Analysis of Vibrating Surfaces Using Acoustic Holography

  • Masahide Yoneyama
  • Carl Schueler
  • Glen Wade
Part of the Acoustical Imaging book series (ACIM, volume 10)


Laser holographic interferometry has proved to be a useful tool for analysis of oscillating surfaces. Unfortunately, optical interferometry is limited to vibration amplitudes of microns or less because of the short wavelength of laser light, and to small objects because of coherence requirements and the limited power in a dispersed laser beam. We examine an acoustic holographic method to overcome the limitations of laser holography for vibrational analysis. Since powerful, coherent ultrasound can be dispersed over a large area, large objects may be analyzed. The long acoustic wavelength allows millimeter vibrational amplitudes, a thousand times larger than laser holography can handle. Acoustic holographic detection is linear, whereas optical interferometry is a non-linear process, in practice. Therefore, acoustic holography should allow the object’s vibrational amplitude to be obtained for every point on the object surface, whereas, in practice, laser interferometry yields the vibrational amplitude only at discrete points (the null points) on the object surface. Using theoretical analysis and computer simulations, we consider vibrational analysis of objects with vibrational amplitudes in the millimeter range. We present the theory for surface vibration with variation in two dimensions, and with both plane-wave insonification as well as the more general case of spherical wave insonification.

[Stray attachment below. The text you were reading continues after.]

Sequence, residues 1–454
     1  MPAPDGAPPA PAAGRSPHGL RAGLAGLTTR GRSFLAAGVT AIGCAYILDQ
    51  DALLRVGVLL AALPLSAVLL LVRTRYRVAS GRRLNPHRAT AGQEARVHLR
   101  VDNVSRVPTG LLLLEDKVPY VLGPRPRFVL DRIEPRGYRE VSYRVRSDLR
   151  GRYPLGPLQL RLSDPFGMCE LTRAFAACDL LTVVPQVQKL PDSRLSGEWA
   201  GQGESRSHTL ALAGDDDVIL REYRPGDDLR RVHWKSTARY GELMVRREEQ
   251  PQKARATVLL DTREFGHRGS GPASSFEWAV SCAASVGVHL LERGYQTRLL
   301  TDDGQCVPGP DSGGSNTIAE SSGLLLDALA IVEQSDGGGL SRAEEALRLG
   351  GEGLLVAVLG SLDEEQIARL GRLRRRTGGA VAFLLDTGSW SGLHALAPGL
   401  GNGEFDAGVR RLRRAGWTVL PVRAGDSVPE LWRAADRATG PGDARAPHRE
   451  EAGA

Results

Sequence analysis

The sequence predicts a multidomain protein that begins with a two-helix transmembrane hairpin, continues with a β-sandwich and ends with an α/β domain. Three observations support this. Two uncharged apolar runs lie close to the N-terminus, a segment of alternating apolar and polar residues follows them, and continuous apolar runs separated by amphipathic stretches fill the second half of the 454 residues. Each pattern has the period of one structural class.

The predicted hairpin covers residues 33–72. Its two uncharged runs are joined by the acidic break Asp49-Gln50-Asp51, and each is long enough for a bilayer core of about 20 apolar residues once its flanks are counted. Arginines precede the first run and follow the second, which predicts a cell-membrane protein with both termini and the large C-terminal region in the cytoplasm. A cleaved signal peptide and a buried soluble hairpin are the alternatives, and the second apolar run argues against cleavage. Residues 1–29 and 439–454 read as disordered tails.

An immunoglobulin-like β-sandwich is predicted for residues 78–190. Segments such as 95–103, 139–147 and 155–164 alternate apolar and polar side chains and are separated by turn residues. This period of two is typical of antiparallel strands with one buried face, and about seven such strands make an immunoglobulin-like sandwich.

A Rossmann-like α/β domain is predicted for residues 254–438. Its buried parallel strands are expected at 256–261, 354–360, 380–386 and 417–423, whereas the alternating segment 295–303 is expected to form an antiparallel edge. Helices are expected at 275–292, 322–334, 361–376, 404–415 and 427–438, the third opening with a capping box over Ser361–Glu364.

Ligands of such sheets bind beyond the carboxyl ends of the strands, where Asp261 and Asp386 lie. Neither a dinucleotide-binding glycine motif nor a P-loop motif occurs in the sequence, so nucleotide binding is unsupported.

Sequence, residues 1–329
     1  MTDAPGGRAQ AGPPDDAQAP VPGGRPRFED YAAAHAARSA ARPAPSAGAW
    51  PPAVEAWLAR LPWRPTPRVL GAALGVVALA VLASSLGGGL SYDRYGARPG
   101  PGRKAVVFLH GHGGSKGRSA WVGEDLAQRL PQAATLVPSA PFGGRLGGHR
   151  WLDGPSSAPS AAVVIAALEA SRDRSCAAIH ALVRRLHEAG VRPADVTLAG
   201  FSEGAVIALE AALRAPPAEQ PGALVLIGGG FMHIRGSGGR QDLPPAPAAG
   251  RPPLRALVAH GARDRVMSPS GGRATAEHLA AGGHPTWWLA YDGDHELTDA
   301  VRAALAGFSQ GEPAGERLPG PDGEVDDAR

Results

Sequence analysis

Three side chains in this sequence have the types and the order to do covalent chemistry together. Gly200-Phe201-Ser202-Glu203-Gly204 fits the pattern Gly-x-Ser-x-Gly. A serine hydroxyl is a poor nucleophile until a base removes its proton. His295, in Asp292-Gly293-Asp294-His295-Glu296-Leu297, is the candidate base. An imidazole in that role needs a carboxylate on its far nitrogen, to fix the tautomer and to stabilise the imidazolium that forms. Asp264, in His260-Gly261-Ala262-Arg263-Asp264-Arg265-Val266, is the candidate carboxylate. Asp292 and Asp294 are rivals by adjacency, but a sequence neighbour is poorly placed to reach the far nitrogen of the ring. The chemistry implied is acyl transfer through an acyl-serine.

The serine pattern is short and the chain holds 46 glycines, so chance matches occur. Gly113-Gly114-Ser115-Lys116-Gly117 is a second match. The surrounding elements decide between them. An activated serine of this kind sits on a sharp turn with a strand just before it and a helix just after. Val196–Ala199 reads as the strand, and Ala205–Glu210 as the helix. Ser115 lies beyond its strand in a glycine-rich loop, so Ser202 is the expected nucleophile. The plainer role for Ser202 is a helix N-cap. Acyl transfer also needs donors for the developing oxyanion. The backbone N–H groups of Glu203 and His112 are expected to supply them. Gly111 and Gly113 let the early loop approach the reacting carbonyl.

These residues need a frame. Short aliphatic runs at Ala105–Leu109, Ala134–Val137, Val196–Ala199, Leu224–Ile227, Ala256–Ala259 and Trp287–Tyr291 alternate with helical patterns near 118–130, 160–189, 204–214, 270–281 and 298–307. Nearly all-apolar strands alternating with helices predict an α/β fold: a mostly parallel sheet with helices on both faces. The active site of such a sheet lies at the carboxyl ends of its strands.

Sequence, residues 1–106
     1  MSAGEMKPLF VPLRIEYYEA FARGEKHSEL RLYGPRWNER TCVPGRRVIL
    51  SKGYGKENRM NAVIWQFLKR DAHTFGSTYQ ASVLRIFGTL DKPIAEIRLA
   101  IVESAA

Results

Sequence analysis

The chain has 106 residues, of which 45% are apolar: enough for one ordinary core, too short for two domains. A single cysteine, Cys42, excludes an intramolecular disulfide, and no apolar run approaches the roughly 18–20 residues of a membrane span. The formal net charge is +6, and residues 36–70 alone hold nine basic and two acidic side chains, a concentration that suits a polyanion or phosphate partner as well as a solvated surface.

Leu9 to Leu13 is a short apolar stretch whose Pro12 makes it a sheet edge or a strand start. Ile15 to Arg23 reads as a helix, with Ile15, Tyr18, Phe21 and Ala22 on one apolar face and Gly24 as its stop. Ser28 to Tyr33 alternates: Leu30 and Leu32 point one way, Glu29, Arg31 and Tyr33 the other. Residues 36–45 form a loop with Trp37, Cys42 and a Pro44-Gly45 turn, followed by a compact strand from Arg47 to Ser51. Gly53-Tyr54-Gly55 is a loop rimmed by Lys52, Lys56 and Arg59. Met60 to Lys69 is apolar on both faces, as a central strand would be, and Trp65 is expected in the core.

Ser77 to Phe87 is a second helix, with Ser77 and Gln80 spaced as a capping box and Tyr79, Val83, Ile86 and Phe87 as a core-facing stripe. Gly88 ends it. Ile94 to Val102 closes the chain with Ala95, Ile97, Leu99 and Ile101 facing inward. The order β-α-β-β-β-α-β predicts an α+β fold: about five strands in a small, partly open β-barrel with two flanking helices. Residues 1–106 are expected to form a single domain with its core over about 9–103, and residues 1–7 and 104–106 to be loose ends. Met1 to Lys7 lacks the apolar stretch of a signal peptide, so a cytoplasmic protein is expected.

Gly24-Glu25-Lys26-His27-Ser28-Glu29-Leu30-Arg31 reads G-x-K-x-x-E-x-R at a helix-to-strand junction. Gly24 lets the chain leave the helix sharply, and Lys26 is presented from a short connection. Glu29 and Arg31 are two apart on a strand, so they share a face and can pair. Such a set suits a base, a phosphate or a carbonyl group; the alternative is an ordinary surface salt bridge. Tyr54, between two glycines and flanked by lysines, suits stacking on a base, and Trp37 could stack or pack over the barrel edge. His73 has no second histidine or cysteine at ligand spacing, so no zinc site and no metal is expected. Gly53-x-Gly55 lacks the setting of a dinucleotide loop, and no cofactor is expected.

Vibrational Analysis Point Reflector Holographic Interferometry Vibrational Amplitude Laser Interferometry 


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Copyright information

© Plenum Press, New York 1982

Authors and Affiliations

  • Masahide Yoneyama
    • 1
  • Carl Schueler
    • 2
  • Glen Wade
    • 2
  1. 1.Nippon Columbia Co., Ltd.Kawasaki-Ku, Kawasaki 210Japan
  2. 2.Dept. of Electrical and Computer EngineeringUniversity of CaliforniaSanta BarbaraUSA

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